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ISIS is Not Over

 

The astounding announcement by President Trump that the US will be pulling all of its troops out of Syria is remarkable for several reasons. The very fact that it was issued on Twitter opens up the question of whether it was a real Presidential order. Since the Pentagon appears not to have been consulted in advance they do not know how to proceed—which troops will be returning when, for instance. And will some remain?

A more basic question is whether the announced basis for the decision is true. Has ISIS been demolished, as Trump claimed? The implication of his statement is that the war is over and all will be at peace.

That assumption is faulty for several reasons. One is that ISIS has not been completely defeated. About 20,000 active militants remain throughout Syria and Iraq, with 2500 in and around the city of Deir ez Zor near the Syria-Iraq border. Moreover, ISIS guerilla attacks continue, even in Raqqa and Mosul, where the cities are supposed to have been liberated – a task accomplished in part through massive destruction of large portions of both cities. In the Sunni heartland of Iraq, ISIS is restoring a foothold in Fallujah and Ramadi.

The forces that continue to fight ISIS are the ones that were instrumental in their defeat in the 95% of the area that ISIS once controlled. These fighters are Kurds from both Syria and Iraq, backed by US troops and air support. It is certain that without US military backing the Kurds would not be effective in continuing to contain the last elements of ISIS. Moreover, without US military support the Kurds themselves would be in serious trouble from the Syrian and Turkish governments.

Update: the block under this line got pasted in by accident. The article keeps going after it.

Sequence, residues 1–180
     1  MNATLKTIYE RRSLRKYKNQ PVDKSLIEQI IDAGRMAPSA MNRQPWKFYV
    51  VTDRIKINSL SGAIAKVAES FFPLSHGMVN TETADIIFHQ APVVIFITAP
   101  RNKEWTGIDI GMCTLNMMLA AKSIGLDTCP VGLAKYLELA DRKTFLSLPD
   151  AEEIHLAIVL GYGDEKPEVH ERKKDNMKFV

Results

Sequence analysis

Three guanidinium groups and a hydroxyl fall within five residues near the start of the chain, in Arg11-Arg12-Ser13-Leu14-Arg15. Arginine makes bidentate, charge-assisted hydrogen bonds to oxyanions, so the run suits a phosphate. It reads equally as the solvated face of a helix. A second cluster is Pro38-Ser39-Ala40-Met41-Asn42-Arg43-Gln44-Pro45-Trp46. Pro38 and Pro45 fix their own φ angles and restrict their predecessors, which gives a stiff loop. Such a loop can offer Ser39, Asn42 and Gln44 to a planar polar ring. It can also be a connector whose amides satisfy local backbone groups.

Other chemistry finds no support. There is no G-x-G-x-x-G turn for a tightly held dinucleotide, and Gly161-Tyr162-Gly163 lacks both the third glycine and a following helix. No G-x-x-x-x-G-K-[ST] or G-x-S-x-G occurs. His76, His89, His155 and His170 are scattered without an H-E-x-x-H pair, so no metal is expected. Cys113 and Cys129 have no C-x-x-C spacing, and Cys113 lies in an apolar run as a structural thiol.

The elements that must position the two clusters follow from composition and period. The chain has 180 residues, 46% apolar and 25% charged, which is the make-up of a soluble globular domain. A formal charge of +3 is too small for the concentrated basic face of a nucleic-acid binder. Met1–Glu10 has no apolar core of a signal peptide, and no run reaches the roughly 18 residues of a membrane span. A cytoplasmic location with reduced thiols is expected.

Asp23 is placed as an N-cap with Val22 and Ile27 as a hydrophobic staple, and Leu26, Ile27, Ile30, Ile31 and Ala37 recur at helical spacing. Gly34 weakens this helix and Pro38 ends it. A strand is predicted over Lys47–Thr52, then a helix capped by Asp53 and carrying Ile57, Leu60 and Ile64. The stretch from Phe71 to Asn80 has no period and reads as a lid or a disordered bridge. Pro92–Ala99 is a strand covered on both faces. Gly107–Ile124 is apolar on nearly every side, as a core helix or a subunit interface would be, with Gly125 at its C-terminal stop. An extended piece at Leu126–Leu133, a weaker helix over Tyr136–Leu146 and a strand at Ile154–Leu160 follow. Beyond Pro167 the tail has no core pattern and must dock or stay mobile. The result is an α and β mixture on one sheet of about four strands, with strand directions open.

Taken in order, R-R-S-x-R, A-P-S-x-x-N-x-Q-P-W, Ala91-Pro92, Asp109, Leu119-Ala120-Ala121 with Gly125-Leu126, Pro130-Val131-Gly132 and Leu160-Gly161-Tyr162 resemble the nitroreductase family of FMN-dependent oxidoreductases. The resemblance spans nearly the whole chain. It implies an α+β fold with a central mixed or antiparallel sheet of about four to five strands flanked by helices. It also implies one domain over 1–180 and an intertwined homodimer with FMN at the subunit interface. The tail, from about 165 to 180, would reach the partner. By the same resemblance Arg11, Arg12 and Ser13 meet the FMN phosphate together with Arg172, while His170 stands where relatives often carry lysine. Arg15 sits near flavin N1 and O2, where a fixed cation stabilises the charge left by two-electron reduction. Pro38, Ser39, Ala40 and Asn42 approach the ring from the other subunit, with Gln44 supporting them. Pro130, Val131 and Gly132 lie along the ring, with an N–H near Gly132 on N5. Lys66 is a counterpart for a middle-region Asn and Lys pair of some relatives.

The Syrian government is suspicious of the Kurds, their largest ethnic minority, since they are regarded as separatist, seeking their own semi-autonomous region as the Kurds in Iraq have succeeded in doing in the northern Iraqi province of Kurdistan. So even though the Syrian government acknowledges the role that Kurdish troops played in defeating ISIS, they have no intention of supporting them further.

Turkey feels even more strongly about the Kurds. The Turkish autocratic regime headed by Recep Erdogan regards Kurds as troublemakers and worse. Within Turkey, the Kurdish minority is regarded as separatist and inclined to terrorism. The Kurds in Syria are seen as their allies, and therefore Erdogan’s enemies. He would love to have an excuse to get rid of them.

It is probably not a coincidence that Trump’s announcement about pulling US troops out of Syria came shortly after conversations that he had with Erdogan. The Turkish autocrat is said to have requested Trump to withdraw the US troops from Syria—a de facto withdrawal of US support for the Kurds—which would allow Erdogan a free hand to control the Kurds along the Turkish-Syrian border. One interpretation of Trump’s willingness to please Erdogan is that he wants to soften the Turkish stand against Saudi Arabia after Turkey exposed the bloody role of the Saudi ruler Mohammed ben Salman in the brutal murder of Washington Post columnist Jamal Khashoggi. According to this interpretation, Trump would be doing Turkey a favor, and in turn would take a softer stand against Salman.

By pulling US troops out of Syria Trump would also be doing a favor to Russia, which would become even more dominant in the region. Perhaps inadvertently he would be doing a favor to Iran, which with Russia’s support would extend its sphere of influence in an arc from Iran through Iraq to Syria.

Hence pulling US troops out would hardly lead to peace, but rather an increased instability in the region. A future US President might have to commit even more troops to the region to undo this dangerous path towards instability. And one of the winners in the precipitous Trump action would be ISIS itself, for without the constant fear of Kurdish intervention, it would be free to regroup and reassert its influence in Syria and Iraq.